0
Determines how trusted the accelerometer
contribution is to the overall orientation estimation.
Higher values mean that the compass is less
0
trusted.
Determines how trusted the compass contribution is
to the overall orientation estimation. Instead of using
a single value, uses a minimum and maximum value.
Rho values will be changed within this range
depending on the confidence factor. This can have
the effect of reducing the compass's effect on the
overall orientation estimation and thus reducing
magnetically-induced interference.
Causes the processor to wait for the specified
number of microseconds at the end of each update
loop. Can be useful for bounding the overall update
rate of the sensor if necessary.
102(0x66)
Set confidence compass
rho mode
103(0x67)
Set desired update rate
104(0x68)
Uses the current tared orientation to set up the
reference vector for the nearest orthogonal
orientation. This is an advanced command that is
best used through 3-Space Sensor Suite calibration
Set multi reference vectors utilities. For more information, please refer to the 3with current orientation
Space Sensor Suite Quick Start Guide.
26
Data
Len Data Details
0
16
Quaternion (float x4)
36
Rotation Matrix (float x9)
4
Accelerometer rho value
(float)
8
Minimum accelerometer rho
value (float), Maximum
accelerometer rho value (float)
4
Compass rho value (float)
0
8
Minimum compass rho value
(float), Maximum compass
rho value (float)
0
4
Microsecond update rate
(unsigned integer)
0
0
User's Manual
Command
105(0x69)
106(0x6A)
107(0x6B)
108(0x6C)
109(0x6D)
110(0x6E)
Description
Return
Data Len Return Data Details
Long Description
Set the current reference vector mode. Parameter
can be 0 for single static mode, which uses a certain
reference vector for the compass and another certain
vector for the accelerometer at all times, 1 for single
auto mode, which uses (0, -1, 0) as the reference
vector for the accelerometer at all times and uses
the average angle between the accelerometer and
compass to calculate the compass reference vector
once upon initiation of this mode, 2 for single auto
continuous mode, which works similarly to single
auto mode, but calculates this continuously, or 3 for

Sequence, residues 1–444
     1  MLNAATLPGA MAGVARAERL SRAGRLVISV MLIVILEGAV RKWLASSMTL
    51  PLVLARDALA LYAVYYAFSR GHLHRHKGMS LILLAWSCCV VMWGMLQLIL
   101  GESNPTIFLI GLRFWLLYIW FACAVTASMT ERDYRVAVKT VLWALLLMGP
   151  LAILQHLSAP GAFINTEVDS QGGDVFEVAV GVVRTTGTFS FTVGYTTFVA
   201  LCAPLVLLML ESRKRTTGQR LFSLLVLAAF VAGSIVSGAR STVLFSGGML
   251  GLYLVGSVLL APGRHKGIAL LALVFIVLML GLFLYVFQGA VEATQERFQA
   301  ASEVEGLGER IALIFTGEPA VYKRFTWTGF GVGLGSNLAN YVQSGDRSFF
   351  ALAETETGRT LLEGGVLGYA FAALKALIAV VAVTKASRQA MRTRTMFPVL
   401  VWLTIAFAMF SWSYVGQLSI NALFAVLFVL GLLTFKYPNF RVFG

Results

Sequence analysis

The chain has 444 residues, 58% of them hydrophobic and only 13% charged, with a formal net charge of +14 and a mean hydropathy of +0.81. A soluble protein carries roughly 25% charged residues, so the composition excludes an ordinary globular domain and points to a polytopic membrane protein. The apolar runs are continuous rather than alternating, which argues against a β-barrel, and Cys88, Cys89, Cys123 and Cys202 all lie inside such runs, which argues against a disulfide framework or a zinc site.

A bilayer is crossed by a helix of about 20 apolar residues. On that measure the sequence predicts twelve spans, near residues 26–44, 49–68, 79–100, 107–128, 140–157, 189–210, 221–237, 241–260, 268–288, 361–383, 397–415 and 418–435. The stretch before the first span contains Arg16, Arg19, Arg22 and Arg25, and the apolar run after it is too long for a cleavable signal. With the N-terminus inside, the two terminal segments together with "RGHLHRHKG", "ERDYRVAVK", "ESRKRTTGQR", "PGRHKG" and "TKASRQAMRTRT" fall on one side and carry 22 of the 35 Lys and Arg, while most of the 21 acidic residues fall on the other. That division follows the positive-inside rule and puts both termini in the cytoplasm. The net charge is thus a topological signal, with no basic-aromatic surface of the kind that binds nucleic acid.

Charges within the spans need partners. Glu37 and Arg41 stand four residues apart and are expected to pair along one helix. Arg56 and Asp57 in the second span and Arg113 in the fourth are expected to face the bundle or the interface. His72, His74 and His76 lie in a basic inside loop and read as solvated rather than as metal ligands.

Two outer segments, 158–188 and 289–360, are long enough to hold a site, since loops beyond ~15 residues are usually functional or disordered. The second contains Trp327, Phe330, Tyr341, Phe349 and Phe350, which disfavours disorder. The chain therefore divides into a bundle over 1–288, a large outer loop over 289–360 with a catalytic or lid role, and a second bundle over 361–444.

multi-reference mode, which uses a collection of
reference vectors for the compass and
accelerometer both, and selects which ones to use
Set reference vector mode before each step of the filter.
Sets the number of times to sample each
component sensor for each iteration of the filter. This
can smooth out readings at the cost of performance.
If this value is set to 0 or 1, no oversampling occurs
—otherwise, the number of samples per iteration
depends on the specified parameter, up to a
maximum of 10. This setting can be saved to nonvolatile flash memory using the Commit Settings
Set oversample rate
command.
Enable or disable gyroscope readings as inputs to
the orientation estimation. Note that updated
gyroscope readings are still accessible via
commands. This setting can be saved to non-volatile
flash memory using the Commit Settings command.
Enable/disable gyroscope
Enable or disable accelerometer readings as inputs
to the orientation estimation. Note that updated
accelerometer readings are still accessible via
commands. This setting can be saved to non-volatile
flash memory using the Commit Settings command.
Enable/disable
accelerometer
Enable or disable compass readings as inputs to the
orientation estimation. Note that compass readings
are still accessible via commands. This setting can
be saved to non-volatile flash memory using the
Enable/disable compass Commit Settings command.
Reset multi-reference
Resets all reference vectors in the multi-reference
vectors to zero
table to zero. Intended for advanced users.
111(0x6F)
Set multi-reference table
resolution
112(0x70)
Set compass mulfireference vector
113(0x71)
Set compass multireference check vector
114(0x72)
Set accelerometer multireference vector
115(0x73)
Set accelerometer multireference check vector
Sets the number of cell dimensions and number of
nearby vectors per cell for the multi-reference lookup
table. First parameter indicates the number of cell
divisions—as an example, multi-reference mode, by
default, only handles orientations reachable by
successive rotations of ninety degrees about any of
the three axes, and hence, has a resolution of 4 (360